His technically accomplished paintings derive from an interest in the portrait and particularly what might be termed ‘the urban portrait’. Solitary figures, predominantly male, are often situated in sparsely rendered urban spaces. Their form is dramatically revealed by artificial light; the resultant ‘chiaroscuro’ effect lends a brooding, emotional intensity to the scene. When framed by a theatrically simple staging, that which is initially a study in character becomes something of a narrative. The paintings have the quality of a excerpt from a film, a pause for thought, before the action continues. These figures are seen at pivotal moments of assessment or judgement.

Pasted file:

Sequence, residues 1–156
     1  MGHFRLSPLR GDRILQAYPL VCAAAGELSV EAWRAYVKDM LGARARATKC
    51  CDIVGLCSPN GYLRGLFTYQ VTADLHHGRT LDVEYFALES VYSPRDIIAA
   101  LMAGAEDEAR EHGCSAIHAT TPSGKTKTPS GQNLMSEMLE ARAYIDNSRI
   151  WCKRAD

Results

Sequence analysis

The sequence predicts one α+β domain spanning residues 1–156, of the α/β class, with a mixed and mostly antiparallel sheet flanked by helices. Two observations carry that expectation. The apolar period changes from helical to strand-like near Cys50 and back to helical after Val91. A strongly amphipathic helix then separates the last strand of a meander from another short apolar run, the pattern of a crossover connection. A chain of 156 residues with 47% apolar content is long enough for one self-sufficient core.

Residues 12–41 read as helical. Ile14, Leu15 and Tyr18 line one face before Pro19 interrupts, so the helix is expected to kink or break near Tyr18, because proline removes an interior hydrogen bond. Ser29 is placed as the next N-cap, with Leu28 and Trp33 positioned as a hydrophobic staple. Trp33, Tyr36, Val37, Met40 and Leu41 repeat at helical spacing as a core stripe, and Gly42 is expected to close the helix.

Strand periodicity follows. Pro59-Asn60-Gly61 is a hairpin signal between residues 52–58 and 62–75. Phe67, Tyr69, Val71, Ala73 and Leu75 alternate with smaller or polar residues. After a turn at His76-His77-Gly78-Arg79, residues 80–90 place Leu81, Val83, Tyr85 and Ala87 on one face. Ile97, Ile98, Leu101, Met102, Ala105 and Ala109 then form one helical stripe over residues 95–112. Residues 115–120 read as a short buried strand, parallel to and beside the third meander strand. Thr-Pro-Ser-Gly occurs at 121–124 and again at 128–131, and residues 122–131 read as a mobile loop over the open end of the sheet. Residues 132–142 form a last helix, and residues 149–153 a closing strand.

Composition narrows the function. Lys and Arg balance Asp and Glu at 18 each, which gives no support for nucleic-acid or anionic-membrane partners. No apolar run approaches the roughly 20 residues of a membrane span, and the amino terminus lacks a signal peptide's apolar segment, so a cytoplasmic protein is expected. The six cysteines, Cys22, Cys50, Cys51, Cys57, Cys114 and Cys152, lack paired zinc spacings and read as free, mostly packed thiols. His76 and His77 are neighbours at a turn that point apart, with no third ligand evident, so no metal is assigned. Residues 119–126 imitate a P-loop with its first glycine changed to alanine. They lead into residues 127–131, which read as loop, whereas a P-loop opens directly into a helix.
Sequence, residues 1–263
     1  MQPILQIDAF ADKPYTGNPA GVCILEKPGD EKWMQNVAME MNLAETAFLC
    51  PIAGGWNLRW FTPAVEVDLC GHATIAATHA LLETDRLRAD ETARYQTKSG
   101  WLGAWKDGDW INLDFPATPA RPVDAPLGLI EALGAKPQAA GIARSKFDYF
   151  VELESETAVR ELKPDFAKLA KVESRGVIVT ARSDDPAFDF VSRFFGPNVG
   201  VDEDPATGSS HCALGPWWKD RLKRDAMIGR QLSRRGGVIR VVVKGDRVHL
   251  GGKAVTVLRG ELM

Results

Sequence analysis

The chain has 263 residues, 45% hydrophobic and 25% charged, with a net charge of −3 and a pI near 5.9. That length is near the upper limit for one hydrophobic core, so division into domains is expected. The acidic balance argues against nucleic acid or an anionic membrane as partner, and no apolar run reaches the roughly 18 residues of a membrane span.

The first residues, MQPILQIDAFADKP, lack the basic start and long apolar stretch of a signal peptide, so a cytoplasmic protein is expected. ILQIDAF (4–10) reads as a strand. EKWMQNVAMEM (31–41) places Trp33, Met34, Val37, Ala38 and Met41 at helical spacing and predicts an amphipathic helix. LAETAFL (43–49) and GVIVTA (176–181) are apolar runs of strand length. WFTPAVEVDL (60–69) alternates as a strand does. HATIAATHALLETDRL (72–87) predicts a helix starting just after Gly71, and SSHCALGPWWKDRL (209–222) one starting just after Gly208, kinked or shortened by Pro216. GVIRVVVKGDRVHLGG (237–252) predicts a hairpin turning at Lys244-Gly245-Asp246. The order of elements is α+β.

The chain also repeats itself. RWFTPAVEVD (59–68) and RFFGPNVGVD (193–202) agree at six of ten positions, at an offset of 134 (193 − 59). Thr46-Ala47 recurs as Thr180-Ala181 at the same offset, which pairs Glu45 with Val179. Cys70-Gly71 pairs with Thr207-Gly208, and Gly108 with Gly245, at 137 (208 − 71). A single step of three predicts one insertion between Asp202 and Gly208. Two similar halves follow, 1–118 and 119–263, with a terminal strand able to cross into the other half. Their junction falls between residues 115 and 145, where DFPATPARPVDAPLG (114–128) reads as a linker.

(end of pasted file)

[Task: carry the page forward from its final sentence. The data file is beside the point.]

Viewing these paintings one is put in mind of Edward Hopper’s nocturnal scenes, updated to a contemporary context, peopled by a modern version of Manet’s ‘flâneur’. We are presented with an image of a solitary, possibly alienated, individual negotiating a path through a dimly lit and deserted modern dystopia. These characters appear to be engaged in a familiar, and timeless, personal story of ‘what to do ?’ and ‘what next ?’.